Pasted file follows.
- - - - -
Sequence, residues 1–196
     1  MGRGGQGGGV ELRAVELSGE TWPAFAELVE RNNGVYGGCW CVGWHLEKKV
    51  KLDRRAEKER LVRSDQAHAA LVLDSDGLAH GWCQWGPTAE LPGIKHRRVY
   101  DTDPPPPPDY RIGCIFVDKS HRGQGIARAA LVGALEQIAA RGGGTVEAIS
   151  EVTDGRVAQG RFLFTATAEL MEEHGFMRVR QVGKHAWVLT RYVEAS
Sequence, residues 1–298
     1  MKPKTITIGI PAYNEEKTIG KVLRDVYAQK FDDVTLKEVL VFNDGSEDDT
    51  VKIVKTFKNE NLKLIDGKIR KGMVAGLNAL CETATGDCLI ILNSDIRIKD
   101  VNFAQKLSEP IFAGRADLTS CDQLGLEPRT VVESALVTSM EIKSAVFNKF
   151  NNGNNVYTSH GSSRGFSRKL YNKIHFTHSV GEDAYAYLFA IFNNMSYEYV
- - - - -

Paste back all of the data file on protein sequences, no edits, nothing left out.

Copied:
Sequence, residues 1–196
     1  MGRGGQGGGV ELRAVELSGE TWPAFAELVE RNNGVYGGCW CVGWHLEKKV
    51  KLDRRAEKER LVRSDQAHAA LVLDSDGLAH GWCQWGPTAE LPGIKHRRVY
   101  DTDPPPPPDY RIGCIFVDKS HRGQGIARAA LVGALEQIAA RGGGTVEAIS
   151  EVTDGRVAQG RFLFTATAEL MEEHGFMRVR QVGKHAWVLT RYVEAS
Sequence, residues 1–298
     1  MKPKTITIGI PAYNEEKTIG KVLRDVYAQK FDDVTLKEVL VFNDGSEDDT
    51  VKIVKTFKNE NLKLIDGKIR KGMVAGLNAL CETATGDCLI ILNSDIRIKD
   101  VNFAQKLSEP IFAGRADLTS CDQLGLEPRT VVESALVTSM EIKSAVFNKF
   151  NNGNNVYTSH GSSRGFSRKL YNKIHFTHSV GEDAYAYLFA IFNNMSYEYV